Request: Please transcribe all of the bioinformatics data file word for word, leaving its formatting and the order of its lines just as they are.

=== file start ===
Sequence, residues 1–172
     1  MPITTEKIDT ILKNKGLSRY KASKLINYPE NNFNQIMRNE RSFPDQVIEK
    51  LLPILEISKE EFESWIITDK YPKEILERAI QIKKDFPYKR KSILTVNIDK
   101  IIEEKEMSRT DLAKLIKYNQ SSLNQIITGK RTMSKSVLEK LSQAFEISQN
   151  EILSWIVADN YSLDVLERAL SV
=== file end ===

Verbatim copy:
Sequence, residues 1–172
     1  MPITTEKIDT ILKNKGLSRY KASKLINYPE NNFNQIMRNE RSFPDQVIEK
    51  LLPILEISKE EFESWIITDK YPKEILERAI QIKKDFPYKR KSILTVNIDK
   101  IIEEKEMSRT DLAKLIKYNQ SSLNQIITGK RTMSKSVLEK LSQAFEISQN
   151  EILSWIVADN YSLDVLERAL SV